Time and a Chair: Teaching Design Theory

Article excerpt

Seated on a Mission-style Napoleon chair, a gray-haired African American woman faces the camera. Well dressed, with an ease of bearing and a forthright gaze, she is not an image of turn-of-the-century American womanhood familiar to most college students. This real photograph postcard, fashioned in an unidentified photographer's studio between 1907 and 1914, is one of 150 compelling images recently brought to public view by Cornell students. The image is the favorite of Jan Jennings, professor in the Department of Design and Environmental Analysis, who teaches the seminar Design Theory and Criticism.

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TIME AND A CHAIR: An Exhibition of Photographs of Ordinary Americans Posed with Chairs, 1840-1940 was first installed in the college's east-wing Martha Van Rensselaer gallery in spring 2003 by a mixed class of graduate students and seniors in interior design. In the process of conceiving and designing the installation, the students mastered museum design theory and, to their surprise, became enthralled with American cultural history. Jennings's class used the photograph collection to develop a new exhibit for Cornell's Herbert F. Johnson Museum of Art. The images had been purchased by Jennings as part of a larger cultural diversity project, "Ideal Interiors, Practical Realities: Dimensions of Living in Remote Parts of the Country," funded by a USDA Hatch grant.

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Jennings, a specialist in the history, theory, and criticism of contemporary interior architecture and design, began the seminar course about the contemporary design of museums and display aesthetics a year ago. In the first half of the semester, the students read a dozen books and other resources on museum architecture, the design of gallery spaces, exhibition aesthetics, and exhibition design systems. Then they made site visits to five of New York City's most notable museums. In the Museum of Arts and Design they analyzed a classic example of the twentieth century's predominant typology of museum architecture: the white cube. A rectangular room with white walls, the white cube is sizeable enough to showcase large modern paintings with their great splashes of color. "The space itself does not work very hard; it stays out of the picture," Jennings explains.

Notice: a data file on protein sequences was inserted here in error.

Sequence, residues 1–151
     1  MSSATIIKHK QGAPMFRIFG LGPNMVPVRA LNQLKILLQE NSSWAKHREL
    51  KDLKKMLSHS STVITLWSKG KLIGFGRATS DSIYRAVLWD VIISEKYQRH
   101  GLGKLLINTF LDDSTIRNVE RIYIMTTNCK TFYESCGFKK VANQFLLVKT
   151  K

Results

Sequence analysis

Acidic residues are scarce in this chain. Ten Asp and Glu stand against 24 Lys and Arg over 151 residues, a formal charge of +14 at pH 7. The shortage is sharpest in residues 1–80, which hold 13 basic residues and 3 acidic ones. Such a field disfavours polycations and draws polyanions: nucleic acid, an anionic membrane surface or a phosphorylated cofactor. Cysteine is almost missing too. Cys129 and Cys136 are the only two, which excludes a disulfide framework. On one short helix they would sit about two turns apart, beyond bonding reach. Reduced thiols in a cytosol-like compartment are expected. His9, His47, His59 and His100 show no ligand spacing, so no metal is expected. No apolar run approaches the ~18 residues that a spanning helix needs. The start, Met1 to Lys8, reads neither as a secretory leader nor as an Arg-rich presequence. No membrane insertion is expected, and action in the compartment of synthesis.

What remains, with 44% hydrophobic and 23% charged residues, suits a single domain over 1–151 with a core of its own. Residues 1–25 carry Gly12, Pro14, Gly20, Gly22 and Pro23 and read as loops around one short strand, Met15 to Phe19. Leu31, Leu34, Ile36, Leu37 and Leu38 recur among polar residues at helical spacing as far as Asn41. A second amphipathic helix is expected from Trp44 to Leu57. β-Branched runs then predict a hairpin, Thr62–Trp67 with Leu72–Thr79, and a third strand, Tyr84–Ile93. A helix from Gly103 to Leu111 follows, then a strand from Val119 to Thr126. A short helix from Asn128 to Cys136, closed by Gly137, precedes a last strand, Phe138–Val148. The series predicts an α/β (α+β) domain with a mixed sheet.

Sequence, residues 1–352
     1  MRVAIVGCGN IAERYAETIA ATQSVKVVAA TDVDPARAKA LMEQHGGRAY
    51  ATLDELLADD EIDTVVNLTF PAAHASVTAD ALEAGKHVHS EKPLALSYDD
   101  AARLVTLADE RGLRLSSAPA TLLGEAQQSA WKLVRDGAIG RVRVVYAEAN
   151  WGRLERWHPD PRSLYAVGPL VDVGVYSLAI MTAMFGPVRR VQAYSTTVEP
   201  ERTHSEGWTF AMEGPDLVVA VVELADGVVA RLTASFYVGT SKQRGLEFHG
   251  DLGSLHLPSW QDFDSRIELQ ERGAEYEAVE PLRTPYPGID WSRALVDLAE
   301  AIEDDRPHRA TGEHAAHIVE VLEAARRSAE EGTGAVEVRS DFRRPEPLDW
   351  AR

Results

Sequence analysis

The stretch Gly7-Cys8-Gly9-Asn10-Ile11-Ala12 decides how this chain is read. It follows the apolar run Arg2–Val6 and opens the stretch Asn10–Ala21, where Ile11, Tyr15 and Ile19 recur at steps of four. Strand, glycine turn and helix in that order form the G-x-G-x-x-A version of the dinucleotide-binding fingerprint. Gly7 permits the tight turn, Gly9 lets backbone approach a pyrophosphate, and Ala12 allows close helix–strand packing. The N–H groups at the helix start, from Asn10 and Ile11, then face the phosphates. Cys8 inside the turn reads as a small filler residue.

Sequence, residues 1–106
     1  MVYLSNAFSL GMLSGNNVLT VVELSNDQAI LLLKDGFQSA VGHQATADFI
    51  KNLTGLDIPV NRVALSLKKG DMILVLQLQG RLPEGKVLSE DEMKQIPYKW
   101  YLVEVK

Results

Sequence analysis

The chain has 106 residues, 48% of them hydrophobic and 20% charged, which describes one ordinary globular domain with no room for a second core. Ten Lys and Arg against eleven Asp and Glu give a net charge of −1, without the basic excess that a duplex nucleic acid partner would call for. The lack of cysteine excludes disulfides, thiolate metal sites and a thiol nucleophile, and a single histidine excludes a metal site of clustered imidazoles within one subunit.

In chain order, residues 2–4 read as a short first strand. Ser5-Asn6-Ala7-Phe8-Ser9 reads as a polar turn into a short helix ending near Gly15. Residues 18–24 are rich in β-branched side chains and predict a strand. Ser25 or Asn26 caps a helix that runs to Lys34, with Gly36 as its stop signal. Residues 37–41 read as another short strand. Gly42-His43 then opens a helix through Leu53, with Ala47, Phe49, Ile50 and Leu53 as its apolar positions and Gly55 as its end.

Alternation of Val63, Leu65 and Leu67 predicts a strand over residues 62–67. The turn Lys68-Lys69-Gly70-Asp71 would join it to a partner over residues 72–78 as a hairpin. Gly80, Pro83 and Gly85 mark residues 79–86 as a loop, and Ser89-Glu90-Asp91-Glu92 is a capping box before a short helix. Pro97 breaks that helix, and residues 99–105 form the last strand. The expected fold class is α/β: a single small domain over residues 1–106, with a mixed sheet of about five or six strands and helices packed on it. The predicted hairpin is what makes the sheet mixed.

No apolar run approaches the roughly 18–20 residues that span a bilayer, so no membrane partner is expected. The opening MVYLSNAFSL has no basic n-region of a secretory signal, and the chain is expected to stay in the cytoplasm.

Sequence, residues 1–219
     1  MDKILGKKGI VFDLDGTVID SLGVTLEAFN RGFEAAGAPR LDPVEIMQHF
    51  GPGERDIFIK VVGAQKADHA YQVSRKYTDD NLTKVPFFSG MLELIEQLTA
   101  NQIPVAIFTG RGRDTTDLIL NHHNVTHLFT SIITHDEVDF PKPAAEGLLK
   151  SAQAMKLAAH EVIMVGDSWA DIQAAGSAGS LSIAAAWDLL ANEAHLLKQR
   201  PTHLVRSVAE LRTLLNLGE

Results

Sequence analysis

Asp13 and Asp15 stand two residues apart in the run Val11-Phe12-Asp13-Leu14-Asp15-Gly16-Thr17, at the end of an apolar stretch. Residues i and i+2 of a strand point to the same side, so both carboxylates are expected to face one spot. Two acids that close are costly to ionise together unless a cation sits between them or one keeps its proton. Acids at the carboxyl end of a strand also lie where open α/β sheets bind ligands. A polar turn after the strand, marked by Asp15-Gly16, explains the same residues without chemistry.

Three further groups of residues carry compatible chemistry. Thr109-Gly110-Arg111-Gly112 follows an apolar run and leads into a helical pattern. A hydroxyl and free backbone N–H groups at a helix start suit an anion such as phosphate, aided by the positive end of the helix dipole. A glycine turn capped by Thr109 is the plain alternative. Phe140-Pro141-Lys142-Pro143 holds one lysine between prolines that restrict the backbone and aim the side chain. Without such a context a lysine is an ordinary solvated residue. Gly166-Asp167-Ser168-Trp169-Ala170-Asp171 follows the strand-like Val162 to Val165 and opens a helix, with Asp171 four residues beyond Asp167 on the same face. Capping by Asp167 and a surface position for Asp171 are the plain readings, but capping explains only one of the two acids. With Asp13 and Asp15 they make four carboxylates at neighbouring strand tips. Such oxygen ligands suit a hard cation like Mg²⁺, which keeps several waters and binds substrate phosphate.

For a sharp contrast, she and her students visited the American Folk Art Museum. It is tiny--the entryway a mere 40 feet wide--and brand new. The interior, conceived only three years ago by the New York City architectural firm of Tod Williams Billie Tsien and Associates, demonstrates one of the newest approaches to gallery design. "Instead of large rooms, the space here is organized using multiple and sometimes redundant paths of circulation," Jennings says. "As visitors walk along the pathways they cannot see the work fully; it comes into view only when they step off the path, and then they are startled by how close it is."

This type of gallery design establishes a domestic scale that is appropriate for exhibiting a collection of very small pieces. Jennings points out. For their intricate details to be appreciated, the works must be displayed in spaces that encourage viewers to stand close. "Museums that offer an arrangement like this, providing a sequence of more intimate experiences for viewers as they move through, are gaining in popularity," Jennings says.

As a result of the field trip, Jennings's students had a variety of typologies to consider. For the exhibit project, they needed to determine what typology best suited a study of historic photographs. Jennings was concerned at first about the difficulty of contrasting time periods, in presenting old, dusty photographs through the medium of the newest theory about museum design. In the resulting exhibit, the modern idiom enhanced the compelling quality of the images and their diversity.

First the students needed to find an internal order inherent among the photographs that Jennings had previously collected as part of her larger cultural diversity project. …